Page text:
as to the natural source from which it arose. The differences in these two types of magic lead to completely different storytelling techniques. To analyze the newer magic systems of The Way of Kings and The Wheel of Time, it is important to gain an understanding of Sanderson’s First and Second Laws of Magic. Brandon Sanderson’s First Law of Magic (which, as he notes, is rather egotistically named) is stated on his website as: “An author's ability to satisfactorily resolve conflict with magic is DIRECTLY PROPORTIONAL to how well the reader understands said magic.” In order to understand what this means, it is important to first take a look at the gravest sin any fantasy writer can commit: Deus ex Machina. Translated “A God out of the Machine”, the phrase first hails from the ancient Greeks (specifically the playwright Aeschylus), whose plays’ conflicts were resolved by the divine intervention of a deity. While the Greeks may have appreciated this, being people who actually believe in many capricious Gods who can save heroes on a whim, the practice of Deus ex Machina is deeply loathed today. The most common accusation a critic levels at the fantasy genre is that all the conflict can be resolved with a wave of a wand, which, in many stories, it is. Though this accusation is fairly ridiculous (in any non-fantasy story, the hero can still spontaneously win the lottery and a meteor can randomly strike down his antagonist), it does have a good point: because of the ease with which an author can resolve a conflict with magic and because of how much more plausible it seems (as opposed to winning the lottery), fantasy writers Deus ex Machina their heroes out of conflict more than any those of any other genre. This practice wanes today, however, as shown by Sanderson’s First Law. This Law states that the degree to which an author can resolve conflict is directly proportional to how well the magic is defined in the reader’s mind. For instance, Superman has very concrete, widely accepted abilities: he has extreme strength, he can shoot lasers from his eyes, and he can fly. He is also invincible. Because a reader understands this about Superman, the reader is perfectly accepting if Superman ends the comic book by punching the villain’s face really hard. On the other hand, nobody has the slightest clue what Gandalf’s powers are. The only clue we are ever given is when he says, “I am a servant of the Secret Fire, wielder of the flame of Anor,” (Fellowship, 392), and the common consensus that hordes of Lord of the Rings fans have reached with regard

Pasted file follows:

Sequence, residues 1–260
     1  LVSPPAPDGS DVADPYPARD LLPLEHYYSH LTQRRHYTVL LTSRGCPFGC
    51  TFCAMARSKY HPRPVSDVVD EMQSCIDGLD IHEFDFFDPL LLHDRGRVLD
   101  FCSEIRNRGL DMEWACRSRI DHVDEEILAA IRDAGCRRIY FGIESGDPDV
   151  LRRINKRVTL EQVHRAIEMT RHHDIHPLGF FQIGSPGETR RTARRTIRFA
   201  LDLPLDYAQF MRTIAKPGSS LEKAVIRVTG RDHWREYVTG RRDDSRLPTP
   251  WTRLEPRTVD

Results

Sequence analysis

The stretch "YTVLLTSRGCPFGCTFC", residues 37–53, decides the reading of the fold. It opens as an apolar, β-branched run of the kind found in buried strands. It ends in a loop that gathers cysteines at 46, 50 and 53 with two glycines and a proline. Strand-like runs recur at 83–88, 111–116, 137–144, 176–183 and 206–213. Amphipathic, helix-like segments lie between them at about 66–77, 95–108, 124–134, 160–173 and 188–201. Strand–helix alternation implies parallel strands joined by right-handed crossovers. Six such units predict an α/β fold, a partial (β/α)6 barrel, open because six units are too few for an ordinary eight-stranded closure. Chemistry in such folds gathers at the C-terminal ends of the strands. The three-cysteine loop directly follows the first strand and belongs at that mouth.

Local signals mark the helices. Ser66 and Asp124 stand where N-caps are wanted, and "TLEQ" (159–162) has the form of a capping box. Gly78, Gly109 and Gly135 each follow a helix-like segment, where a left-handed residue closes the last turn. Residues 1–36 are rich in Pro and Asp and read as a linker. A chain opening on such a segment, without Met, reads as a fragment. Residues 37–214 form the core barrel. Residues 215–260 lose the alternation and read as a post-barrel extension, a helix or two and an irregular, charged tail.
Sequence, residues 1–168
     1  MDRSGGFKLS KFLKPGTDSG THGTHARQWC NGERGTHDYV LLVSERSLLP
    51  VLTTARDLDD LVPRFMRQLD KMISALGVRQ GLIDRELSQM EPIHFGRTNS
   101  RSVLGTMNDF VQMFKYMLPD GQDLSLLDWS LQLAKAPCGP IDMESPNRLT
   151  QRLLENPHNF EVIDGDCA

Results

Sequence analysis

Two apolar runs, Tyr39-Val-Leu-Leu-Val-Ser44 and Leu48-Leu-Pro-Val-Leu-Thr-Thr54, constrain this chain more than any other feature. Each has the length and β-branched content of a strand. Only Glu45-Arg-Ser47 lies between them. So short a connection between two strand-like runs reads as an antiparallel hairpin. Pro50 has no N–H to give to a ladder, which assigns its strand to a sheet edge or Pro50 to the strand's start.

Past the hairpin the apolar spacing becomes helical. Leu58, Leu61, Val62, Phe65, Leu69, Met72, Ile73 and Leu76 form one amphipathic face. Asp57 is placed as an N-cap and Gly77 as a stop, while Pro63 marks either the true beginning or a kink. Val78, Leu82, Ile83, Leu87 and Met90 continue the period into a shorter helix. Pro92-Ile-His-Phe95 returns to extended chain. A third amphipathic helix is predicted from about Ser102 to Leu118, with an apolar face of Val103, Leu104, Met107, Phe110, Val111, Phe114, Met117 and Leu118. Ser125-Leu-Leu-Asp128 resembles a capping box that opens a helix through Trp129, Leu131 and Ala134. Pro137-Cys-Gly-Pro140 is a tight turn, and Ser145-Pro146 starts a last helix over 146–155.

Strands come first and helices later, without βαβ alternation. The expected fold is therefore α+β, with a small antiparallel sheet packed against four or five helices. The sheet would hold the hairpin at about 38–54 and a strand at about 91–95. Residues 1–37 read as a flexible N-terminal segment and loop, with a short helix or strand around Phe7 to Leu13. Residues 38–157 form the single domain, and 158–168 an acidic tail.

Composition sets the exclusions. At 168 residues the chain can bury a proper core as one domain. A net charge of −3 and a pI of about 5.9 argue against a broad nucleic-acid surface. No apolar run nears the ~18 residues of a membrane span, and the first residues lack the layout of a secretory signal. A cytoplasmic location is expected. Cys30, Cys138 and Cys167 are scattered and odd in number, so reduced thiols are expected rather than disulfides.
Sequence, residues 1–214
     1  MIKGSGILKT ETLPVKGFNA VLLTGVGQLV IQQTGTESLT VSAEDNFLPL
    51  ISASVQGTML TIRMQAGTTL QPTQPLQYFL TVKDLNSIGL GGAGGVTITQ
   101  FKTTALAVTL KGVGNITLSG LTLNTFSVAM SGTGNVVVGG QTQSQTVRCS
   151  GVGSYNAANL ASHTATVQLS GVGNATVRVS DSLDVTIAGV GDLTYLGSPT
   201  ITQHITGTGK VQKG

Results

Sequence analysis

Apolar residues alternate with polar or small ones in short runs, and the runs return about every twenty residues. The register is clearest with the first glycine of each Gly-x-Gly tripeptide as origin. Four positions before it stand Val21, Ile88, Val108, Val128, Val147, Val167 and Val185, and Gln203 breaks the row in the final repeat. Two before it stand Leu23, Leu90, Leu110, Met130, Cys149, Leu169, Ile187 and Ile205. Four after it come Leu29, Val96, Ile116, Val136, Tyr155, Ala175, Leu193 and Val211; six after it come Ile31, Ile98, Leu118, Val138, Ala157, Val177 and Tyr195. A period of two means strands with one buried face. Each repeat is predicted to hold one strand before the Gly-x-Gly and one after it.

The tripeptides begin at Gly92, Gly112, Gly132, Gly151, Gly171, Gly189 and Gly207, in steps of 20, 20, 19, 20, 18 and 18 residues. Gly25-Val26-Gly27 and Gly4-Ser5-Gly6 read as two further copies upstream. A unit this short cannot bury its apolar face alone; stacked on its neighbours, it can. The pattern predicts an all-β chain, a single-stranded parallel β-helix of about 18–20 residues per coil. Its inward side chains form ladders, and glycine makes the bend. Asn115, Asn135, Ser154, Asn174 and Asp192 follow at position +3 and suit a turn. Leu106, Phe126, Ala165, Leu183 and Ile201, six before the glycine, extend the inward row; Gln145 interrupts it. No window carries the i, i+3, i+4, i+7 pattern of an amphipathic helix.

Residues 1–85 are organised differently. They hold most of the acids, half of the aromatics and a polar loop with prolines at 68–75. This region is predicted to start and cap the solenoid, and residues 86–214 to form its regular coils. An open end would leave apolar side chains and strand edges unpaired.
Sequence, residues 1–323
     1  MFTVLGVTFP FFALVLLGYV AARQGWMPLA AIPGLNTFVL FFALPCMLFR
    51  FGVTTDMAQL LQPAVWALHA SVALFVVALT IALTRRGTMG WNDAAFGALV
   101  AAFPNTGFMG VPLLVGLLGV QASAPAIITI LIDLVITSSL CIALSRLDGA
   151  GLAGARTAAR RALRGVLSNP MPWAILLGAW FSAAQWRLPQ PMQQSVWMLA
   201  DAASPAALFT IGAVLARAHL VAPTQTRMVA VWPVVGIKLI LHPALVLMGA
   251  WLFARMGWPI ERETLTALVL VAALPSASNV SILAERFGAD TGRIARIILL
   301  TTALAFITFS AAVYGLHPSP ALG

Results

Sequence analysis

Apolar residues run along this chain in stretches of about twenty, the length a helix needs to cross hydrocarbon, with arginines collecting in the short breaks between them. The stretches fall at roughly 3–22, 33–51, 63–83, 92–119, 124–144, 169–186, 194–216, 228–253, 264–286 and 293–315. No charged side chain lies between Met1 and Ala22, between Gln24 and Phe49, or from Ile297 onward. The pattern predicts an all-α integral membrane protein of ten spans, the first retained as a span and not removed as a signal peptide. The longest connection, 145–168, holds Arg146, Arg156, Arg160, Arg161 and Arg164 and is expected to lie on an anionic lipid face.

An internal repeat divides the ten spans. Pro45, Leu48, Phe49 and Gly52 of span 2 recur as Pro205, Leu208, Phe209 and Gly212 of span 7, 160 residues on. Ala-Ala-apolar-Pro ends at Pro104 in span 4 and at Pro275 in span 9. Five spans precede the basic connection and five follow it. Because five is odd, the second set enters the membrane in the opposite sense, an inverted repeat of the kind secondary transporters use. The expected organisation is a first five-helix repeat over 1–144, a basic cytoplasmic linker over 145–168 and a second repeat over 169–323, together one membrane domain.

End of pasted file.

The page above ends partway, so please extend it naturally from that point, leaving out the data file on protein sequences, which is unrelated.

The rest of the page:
to this, after almost half a century of intensive analysis: Gandalf has magic powers. There is a reason Superman can resolve conflict with his magic powers, while Gandalf can’t just fly Frodo to Mount Doom on a giant eagle and drop the One Ring in: a satisfying resolution to a story requires the emergence of some virtue or skill of the protagonist. The distinction between a magic system that can resolve conflict and one that can’t is given, respectively, by the two terms Sanderson unveils in his essay on the First Law: hard and soft magic. Hard magic has rules, and is well defined in the reader’s mind; soft magic is ineffable, and the reader doesn’t have the foggiest notion as to what can be done with it. While these two species of magic are both useful in their own way, a major thesis of the ongoing revolution in the fantasy genre is that only hard magic can satisfactorily resolve conflict. Sanderson’s Second Law of Magic is much more simply stated, though its implications are equally complex: “Limitations > Powers” What this means is that the limitations of a magic system are more interesting to the reader and more pivotal in the development of a story than the powers or abilities of a magic system. Specifically, Sanderson divides limitations into three main categories: weaknesses, limits, and costs. Weaknesses, the least important of the three types, are points of vulnerability caused by use of the magic system. For instance, if, whenever a certain character uses her magic power of flying, she has nearly no metabolism and therefore gains weight from every calorie she eats for a day afterwards, her ego and health are directly tied into the plot. This makes the story more interesting to the reader. Limits are bounds on what the magic system can do. These can be simple bounds (this character cannot fly higher than one thousand feet), or more complex bounds (this character can only fly as high as her wallet, for air taxes are getting tight and the higher tiers of atmosphere are more costly than the lower). If we take the second limit, for example, the story is greatly enhanced: suddenly, there are many fliers, and the government taxes on flying mean that they all stay really close to the ground despite all the open air above them. Yet the most powerful of these three types of magic is costs. Costs are what one needs to perform magic, or the price of doing so. The cost in The Wheel of Time is virtually the entire reason it has had commercial success in the fantasy genre: when men use the magic system, they slowly, over